Laser And Resectoscopic Endometrial Ablation
WHAT YOU SHOULD KNOW:
Laser And Resectoscopic Endometrial Ablation (Discharge Care) Care Guide
- Laser And Resectoscopic Endometrial Ablation Aftercare Instructions
- Laser And Resectoscopic Endometrial Ablation Discharge Care
- Laser And Resectoscopic Endometrial Ablation Inpatient Care
- Laser And Resectoscopic Endometrial Ablation Precare
- En Espanol
- Laser and resectoscopic endometrial ablation (EA) is a procedure to destroy the lining of your uterus (womb). Your uterine lining is also called the endometrium. During your monthly period, your uterus sheds its lining along with blood and mucus. You may need EA if you have very heavy vaginal bleeding during your monthly period. An EA also may help stop heavy vaginal bleeding caused by a uterine polyp or myoma (lump).
- During an EA procedure, your caregiver uses a tool called a resectoscope to help see inside your uterus. Your caregiver will put a heating device through the scope to destroy your uterine lining. This device may be a loop or metal rollerball that can be heated using an electric current. A laser also may be used to destroy the lining of your uterus. Having this procedure may decrease abdominal (stomach) pain and cramping during your period. The amount you bleed during your period may be decreased. In some cases, after your procedure, you may not have a period at all.
AFTER YOU LEAVE:
- Keep a written list of the medicines you take, the amounts, and when and why you take them. Bring the list of your medicines or the pill bottles when you see your caregivers. Learn why you take each medicine. Ask your caregiver for information about your medicine. Do not use any medicines, over-the-counter drugs, vitamins, herbs, or food supplements without first talking to caregivers.
- Always take your medicine as directed by caregivers. Call your caregiver if you think your medicines are not helping or if you feel you are having side effects. Do not quit taking your medicines until you discuss it with your caregiver. If you are taking medicine that makes you drowsy, do not drive or use heavy equipment.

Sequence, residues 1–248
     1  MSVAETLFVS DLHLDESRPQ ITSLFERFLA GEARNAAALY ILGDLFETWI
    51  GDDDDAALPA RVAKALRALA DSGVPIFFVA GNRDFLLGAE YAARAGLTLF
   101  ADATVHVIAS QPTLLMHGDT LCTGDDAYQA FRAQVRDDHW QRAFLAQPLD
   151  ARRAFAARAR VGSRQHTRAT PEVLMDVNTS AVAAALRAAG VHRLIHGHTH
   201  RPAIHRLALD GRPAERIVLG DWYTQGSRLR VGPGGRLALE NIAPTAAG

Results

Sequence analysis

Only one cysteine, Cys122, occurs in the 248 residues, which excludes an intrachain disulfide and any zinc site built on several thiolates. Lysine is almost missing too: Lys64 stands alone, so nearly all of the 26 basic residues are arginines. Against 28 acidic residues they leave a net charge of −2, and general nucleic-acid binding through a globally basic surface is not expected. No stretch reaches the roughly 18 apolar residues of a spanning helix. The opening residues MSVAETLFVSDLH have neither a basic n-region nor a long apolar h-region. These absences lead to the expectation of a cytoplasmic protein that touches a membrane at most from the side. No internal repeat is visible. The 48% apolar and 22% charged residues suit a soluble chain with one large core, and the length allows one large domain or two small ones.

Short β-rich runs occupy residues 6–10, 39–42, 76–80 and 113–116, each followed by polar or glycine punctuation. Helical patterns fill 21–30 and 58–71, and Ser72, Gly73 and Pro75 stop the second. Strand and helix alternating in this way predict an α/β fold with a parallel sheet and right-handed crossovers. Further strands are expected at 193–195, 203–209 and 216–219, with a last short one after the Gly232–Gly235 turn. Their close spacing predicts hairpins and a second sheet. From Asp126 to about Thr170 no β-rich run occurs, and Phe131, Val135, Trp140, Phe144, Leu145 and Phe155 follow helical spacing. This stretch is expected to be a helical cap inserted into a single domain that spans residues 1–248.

- Pain medicine: You may be given medicine to take at home to take away or decrease pain. Your caregiver will tell you how much to take and how often to take it. Take the medicine exactly as directed by your caregiver. Do not wait until the pain is too bad before taking your medicine. The medicine may not work as well at controlling your pain if you wait too long to take it. Tell caregivers if the pain medicine does not help, or if your pain comes back too soon.
- Antinausea medicine: This medicine may be given to calm your stomach and control vomiting (throwing up).
Ask your caregiver when to return for a follow-up visit. Keep all appointments. Write down any questions you may have. This way you will remember to ask these questions during your next visit.
Talk to your caregiver about when it is okay for you to return to your normal activities. You may need to avoid having sex for two weeks after your procedure.
You may need to use a form of birth control after your procedure to prevent pregnancy. Getting pregnant after an EA procedure increases your risk for pregnancy problems such as a miscarriage. Talk to your caregiver about what type of birth control is best for you. If you have questions or concerns about having children after EA, talk to your caregiver.
CONTACT A CAREGIVER IF:
- The bleeding during your monthly periods has not decreased.
- You feel pain when you urinate.
- You have nausea that does not get better with rest or medicine.
- You have vaginal discharge.
- You have questions about your procedure, condition, or care.
SEEK CARE IMMEDIATELY IF:
- You have blood coming from your vagina and it is not time for your monthly period.
- You have a fever (high body temperature).
- You feel dizzy, weak, and confused.
- You cannot stop throwing up.
- You have pain in your abdomen that does not get better with rest or medicine.
- You have chest pain or trouble breathing that is getting worse over time.
- You suddenly feel lightheaded and have trouble breathing.
- You have new and sudden chest pain. You may have more pain when you take deep breaths or cough. You may cough up blood.
- Your arm or leg feels warm, tender, and painful. It may look swollen and red.
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The above information is an educational aid only. It is not intended as medical advice for individual conditions or treatments. Talk to your doctor, nurse or pharmacist before following any medical regimen to see if it is safe and effective for you.